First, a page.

Windhoek High Court Judge Christi Liebenberg yesterday sentenced 32-year-old Inock Mazala Nalisa to an effective 33 years behind bars for the murder of his 30-year-old wife Petra Njakwabo Munikonzo.
Nalisa was convicted on one count of murder, read with the provisions of the Combating of Domestic Violence Act, and one count of defeating the course of justice.
According to the State, after he stabbed his wife, he got rid of the weapon he used to stab her. The prosecution further alleged that he killed her by stabbing her all over her upper body and hitting her with a hammer at the back of her head following an argument. She sustained 22 stab wounds and 15 blows to the head.
She died instantly at the scene.
According to Judge Liebenberg, the words “merciless, inhumane and brutal” comes to mind when one attempts to describe the nature and extent of the attack on the deceased. He said that one only needs to follow the media to realise that there exists widespread outrage against the ghastly crimes committed in our society and this is despite warnings issued by courts against such behaviour.
“It is disquieting to see that these warnings seems to fall on deaf ears and that such repulsive behaviour, as demonstrated in the present matter, simply continue unabated,” Liebenberg stated.
He went on to say that more and more voices are daily heard from society calling for an end to the unrelenting killing of vulnerable people in society. “Mostly women fall prey to murderers who, in the end, are unable to own up or explain their deplorable behaviour, like in the present instance where the accused fabricated a story, claiming loss of memory,” the judge said. He went on to say the remorse the accused proffered was not genuine as he did not take the court into his confidence and his apology was nothing more than a bold statement.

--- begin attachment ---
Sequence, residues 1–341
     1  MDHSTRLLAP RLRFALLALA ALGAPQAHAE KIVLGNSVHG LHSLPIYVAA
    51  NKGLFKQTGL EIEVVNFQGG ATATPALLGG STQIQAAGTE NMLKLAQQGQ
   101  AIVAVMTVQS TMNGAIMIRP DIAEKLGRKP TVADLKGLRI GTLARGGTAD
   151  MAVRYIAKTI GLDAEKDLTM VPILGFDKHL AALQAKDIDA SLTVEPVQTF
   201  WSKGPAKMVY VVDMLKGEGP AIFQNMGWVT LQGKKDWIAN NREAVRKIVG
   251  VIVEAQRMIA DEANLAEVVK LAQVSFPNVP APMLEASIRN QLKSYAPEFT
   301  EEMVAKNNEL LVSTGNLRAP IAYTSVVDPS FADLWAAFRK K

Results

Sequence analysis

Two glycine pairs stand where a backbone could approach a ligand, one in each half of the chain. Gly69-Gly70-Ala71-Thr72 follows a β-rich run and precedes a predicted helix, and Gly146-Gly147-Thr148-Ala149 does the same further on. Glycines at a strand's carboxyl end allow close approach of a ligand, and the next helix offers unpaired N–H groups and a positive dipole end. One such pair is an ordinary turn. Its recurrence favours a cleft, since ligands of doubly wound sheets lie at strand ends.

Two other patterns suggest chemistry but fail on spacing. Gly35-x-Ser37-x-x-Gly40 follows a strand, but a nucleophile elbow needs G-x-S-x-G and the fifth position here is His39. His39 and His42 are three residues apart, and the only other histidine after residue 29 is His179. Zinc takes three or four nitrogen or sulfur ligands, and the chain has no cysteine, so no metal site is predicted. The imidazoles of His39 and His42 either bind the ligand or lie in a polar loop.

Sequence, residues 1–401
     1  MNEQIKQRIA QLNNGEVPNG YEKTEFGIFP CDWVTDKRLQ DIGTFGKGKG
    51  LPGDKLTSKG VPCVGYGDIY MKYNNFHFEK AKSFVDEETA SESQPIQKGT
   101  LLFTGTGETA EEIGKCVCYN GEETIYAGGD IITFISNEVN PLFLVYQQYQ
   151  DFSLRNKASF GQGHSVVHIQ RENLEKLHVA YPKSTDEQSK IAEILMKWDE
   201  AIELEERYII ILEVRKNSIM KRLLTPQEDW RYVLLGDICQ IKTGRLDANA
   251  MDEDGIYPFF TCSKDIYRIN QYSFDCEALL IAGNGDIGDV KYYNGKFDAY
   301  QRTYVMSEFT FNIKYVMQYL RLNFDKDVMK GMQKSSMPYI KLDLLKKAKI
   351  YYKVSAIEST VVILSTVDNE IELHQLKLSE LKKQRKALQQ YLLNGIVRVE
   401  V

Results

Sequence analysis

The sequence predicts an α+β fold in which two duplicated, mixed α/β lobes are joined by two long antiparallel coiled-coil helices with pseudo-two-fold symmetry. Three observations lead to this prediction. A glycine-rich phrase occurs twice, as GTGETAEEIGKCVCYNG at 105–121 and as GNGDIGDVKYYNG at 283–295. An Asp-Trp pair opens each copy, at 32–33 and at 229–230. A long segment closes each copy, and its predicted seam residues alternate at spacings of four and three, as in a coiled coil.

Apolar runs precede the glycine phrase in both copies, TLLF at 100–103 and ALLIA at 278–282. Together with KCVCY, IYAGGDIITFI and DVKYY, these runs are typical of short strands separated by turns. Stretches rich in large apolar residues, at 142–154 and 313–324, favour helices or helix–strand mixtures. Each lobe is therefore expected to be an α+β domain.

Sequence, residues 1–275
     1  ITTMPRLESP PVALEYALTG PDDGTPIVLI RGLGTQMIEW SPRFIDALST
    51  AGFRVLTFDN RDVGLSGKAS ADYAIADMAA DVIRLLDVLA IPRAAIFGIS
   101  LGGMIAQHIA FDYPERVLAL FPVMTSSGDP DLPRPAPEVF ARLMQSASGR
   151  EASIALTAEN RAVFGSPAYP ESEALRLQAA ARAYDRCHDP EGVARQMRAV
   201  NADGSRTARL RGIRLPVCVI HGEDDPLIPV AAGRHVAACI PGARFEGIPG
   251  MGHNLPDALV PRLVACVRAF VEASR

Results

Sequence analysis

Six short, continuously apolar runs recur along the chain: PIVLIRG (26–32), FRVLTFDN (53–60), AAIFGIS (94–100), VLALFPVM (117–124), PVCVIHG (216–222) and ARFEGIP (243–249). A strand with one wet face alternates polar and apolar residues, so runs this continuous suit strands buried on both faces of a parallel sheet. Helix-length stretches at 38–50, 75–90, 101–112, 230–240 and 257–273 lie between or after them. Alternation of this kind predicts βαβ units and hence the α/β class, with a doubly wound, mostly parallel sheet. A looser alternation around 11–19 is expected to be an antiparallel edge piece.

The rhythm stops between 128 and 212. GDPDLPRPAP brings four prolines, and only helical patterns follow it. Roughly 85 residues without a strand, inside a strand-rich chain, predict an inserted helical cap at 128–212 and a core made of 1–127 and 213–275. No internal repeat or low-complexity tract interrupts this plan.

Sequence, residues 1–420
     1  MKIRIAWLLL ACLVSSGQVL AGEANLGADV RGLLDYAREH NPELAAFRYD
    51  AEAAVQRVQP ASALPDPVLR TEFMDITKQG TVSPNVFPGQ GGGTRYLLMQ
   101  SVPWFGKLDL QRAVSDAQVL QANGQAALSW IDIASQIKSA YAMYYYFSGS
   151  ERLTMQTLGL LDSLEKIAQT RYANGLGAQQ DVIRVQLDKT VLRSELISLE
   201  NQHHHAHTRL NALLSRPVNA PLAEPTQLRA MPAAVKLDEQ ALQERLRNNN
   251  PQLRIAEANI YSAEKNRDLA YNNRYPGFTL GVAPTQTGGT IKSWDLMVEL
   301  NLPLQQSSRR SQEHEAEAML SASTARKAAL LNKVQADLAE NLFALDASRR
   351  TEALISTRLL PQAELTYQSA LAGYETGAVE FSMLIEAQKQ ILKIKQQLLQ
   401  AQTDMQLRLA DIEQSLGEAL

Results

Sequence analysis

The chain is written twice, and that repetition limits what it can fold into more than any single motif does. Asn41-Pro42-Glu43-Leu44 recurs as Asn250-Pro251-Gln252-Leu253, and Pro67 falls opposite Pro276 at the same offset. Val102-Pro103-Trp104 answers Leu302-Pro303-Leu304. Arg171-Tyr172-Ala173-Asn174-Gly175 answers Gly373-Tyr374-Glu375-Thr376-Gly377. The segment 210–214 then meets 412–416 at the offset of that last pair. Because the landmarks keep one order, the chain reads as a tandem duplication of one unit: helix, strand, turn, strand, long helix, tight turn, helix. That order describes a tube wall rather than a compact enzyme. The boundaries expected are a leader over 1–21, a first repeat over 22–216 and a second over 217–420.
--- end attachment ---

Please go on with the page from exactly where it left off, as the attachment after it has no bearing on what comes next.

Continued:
Judge Liebenberg continued that the fact that Nalisa took the life of the person he chose to spend the rest of his life with, a person only 30 years of age and the mother of a 10-year-old girl is most aggravating. In fact, the judge said, the trauma this young child had to suffer when she witnessed the murder of her mother and the difficulties she experienced subsequent thereto is immeasurable.
“It should not just be accepted by the courts that the affected persons will be able to cope afterwards without taking into account the agony and suffering they and others must endure as the result of the emotional hurt and pain caused by the offender,” the judge remarked.
Although the court must never lose sight of the personal circumstances and needs of an offender, or accord little weight to his interest, the court is under an equal duty to protect law-abiding citizens and innocent victims of crime, he further said.
“Where necessary, such persons must be removed from society for as along as justifiable in the circumstances,” judge Liebenberg stated and continued: The seriousness of the crimes and the interest of society outweighs the personal circumstances of the accused significantly and custodial sentences are unavoidable. In the end, the judge sentenced Nalisa to 33 years on the murder conviction and two years on the defeating conviction. He however ordered that the sentences are to run concurrently. -firstname.lastname@example.org
Caption: Inock Nalisa